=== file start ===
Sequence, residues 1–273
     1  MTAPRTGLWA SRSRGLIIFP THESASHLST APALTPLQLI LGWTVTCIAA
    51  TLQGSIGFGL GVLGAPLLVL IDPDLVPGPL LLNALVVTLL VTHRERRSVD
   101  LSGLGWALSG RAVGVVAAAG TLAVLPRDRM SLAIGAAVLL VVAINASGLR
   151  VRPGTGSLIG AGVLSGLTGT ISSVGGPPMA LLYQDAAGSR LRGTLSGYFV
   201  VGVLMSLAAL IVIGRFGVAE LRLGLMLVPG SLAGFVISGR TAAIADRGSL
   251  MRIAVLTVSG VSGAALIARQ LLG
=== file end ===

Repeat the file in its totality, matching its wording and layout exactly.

Sequence, residues 1–273
     1  MTAPRTGLWA SRSRGLIIFP THESASHLST APALTPLQLI LGWTVTCIAA
    51  TLQGSIGFGL GVLGAPLLVL IDPDLVPGPL LLNALVVTLL VTHRERRSVD
   101  LSGLGWALSG RAVGVVAAAG TLAVLPRDRM SLAIGAAVLL VVAINASGLR
   151  VRPGTGSLIG AGVLSGLTGT ISSVGGPPMA LLYQDAAGSR LRGTLSGYFV
   201  VGVLMSLAAL IVIGRFGVAE LRLGLMLVPG SLAGFVISGR TAAIADRGSL
   251  MRIAVLTVSG VSGAALIARQ LLG